In business, keeping things in order is key. Having a comprehensive list of important contact details on hand, such as suppliers, service providers, emergency services, and equipment specialists, could save you a lot of time and energy when you are busy striving to prevent further damage and loss. Conversely, an outdated contact list could slow down your recovery efforts for hours or even days.
How do we manage our data?
As hacking and cybercrime advance, it’s more important than ever to frequently back up your essential files to a shared or external drive. Cloud servers, for example, are a good way to get your data back safely and quickly. However, if you don’t have an IT department to keep your security measures up to date, you must train your employees to detect and mitigate cyber risks.
Divide and conquer
Everyone should have – and know – their role in resuming activities. Emergencies are often chaotic, and without a clear division of labor, mayhem can quickly set in. Here are some ideas to look at:
- Make sure a few employees have basic first aid training; they will be able to offer immediate assistance while waiting for help to arrive if an emergency occurs.
- Train more than one person on important tasks to prevent everything from stopping due to the absence of a key employee.
A backup plan will help your business get on with the job with remote access to data, external arrangements, and pre-written statements to explain the state of your business. It can also be useful to group employees into sub-teams to better organize the response in a crisis. Do you have the right insurance? Are you up to date with your paperwork? Everyone should consider small business insurance, which will cover you for a multitude of problems.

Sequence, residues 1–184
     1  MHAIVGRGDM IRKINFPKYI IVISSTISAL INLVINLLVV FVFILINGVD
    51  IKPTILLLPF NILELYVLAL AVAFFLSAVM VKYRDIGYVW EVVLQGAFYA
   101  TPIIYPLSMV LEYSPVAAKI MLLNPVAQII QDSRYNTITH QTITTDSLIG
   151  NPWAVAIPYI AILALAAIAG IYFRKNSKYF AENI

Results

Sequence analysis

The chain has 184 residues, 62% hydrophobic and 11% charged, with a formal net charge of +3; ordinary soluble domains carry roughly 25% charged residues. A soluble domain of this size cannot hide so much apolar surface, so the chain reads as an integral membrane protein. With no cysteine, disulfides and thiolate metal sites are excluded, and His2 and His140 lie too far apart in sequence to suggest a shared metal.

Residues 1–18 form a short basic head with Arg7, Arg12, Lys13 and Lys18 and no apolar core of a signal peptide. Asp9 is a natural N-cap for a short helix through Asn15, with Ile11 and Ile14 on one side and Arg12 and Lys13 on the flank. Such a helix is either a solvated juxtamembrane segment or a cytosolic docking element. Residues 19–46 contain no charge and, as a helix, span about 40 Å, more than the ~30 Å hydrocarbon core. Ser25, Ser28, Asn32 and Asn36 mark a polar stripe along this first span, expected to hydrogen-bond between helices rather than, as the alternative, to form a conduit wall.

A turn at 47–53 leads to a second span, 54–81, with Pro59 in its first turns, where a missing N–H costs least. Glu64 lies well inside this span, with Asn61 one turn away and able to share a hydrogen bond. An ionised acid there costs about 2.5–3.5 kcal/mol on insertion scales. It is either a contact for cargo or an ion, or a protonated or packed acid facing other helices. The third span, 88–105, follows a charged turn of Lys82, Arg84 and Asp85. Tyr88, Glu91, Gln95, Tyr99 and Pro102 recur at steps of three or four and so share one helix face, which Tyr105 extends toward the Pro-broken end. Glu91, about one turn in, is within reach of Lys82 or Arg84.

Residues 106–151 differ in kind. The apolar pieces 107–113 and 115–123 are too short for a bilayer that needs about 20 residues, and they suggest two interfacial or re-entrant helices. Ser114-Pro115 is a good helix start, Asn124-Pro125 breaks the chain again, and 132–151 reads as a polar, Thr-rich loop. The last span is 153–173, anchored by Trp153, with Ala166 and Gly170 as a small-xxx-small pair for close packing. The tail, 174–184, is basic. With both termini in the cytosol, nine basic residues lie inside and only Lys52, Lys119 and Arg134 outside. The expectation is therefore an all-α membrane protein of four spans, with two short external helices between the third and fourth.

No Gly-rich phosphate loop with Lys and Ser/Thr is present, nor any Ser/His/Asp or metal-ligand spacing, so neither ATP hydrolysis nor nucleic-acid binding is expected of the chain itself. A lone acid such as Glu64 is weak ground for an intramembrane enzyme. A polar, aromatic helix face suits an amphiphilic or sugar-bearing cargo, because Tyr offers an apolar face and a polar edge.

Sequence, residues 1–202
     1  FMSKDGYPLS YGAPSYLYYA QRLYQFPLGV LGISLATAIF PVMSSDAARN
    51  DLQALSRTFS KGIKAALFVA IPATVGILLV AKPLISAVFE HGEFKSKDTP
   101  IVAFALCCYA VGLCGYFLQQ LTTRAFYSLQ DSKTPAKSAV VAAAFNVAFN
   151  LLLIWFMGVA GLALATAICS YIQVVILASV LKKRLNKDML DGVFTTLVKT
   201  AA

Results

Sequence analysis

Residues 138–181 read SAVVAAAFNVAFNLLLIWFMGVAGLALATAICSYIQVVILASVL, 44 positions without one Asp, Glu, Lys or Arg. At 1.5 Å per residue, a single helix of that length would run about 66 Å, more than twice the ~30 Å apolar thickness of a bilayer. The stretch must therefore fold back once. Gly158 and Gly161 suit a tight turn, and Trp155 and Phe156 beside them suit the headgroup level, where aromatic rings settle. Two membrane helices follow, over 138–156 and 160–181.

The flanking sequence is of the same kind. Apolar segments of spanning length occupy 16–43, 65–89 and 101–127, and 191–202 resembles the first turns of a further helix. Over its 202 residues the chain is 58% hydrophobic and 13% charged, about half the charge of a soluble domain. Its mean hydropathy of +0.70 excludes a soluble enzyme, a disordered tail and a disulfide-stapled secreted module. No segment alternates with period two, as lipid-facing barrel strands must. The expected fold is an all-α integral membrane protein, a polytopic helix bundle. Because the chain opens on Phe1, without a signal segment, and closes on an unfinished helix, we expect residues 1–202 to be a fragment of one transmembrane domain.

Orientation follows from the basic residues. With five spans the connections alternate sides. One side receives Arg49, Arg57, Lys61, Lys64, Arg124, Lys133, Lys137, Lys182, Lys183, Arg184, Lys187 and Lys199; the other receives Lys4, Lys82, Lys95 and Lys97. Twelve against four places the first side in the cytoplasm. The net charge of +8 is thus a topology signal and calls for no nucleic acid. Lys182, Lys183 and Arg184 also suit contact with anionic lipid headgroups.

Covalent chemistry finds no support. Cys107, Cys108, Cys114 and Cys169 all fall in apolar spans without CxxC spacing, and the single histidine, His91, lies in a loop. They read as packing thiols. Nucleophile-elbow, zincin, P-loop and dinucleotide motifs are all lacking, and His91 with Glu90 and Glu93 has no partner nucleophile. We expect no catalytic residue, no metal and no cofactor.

Practice makes perfect
It is not enough to just put the recovery plan in place: it must also be tested and adapted regularly. Once the process in the event of a fire, cyberattack, theft, or other disaster is clearly communicated (and documented), it is relevant to test it. Simulation exercises, what-if scenarios, and ongoing staff training can help you see if your plan is working well. This can be undertaken monthly with your team to ensure that they, too, are aware of possible issues and how they can evade a problem. You want to keep your team safe, after all.
Remember that a lot depends on your business continuity plan. You want to hold onto your good reputation. And as the world changes in this fast-paced digital age, you need to react as quickly as possible. You must also be there to help your customers and partners in the event of an issue. You must be able to honestly and effectively communicate with them to ensure that things are all well. Any problems can result in loss of work, financial issues, and staff problems.
Therefore, having the best contingency plans ready to go will greatly assist you going forwards. You will then have a better chance of maintaining customer loyalty and your competitive advantage.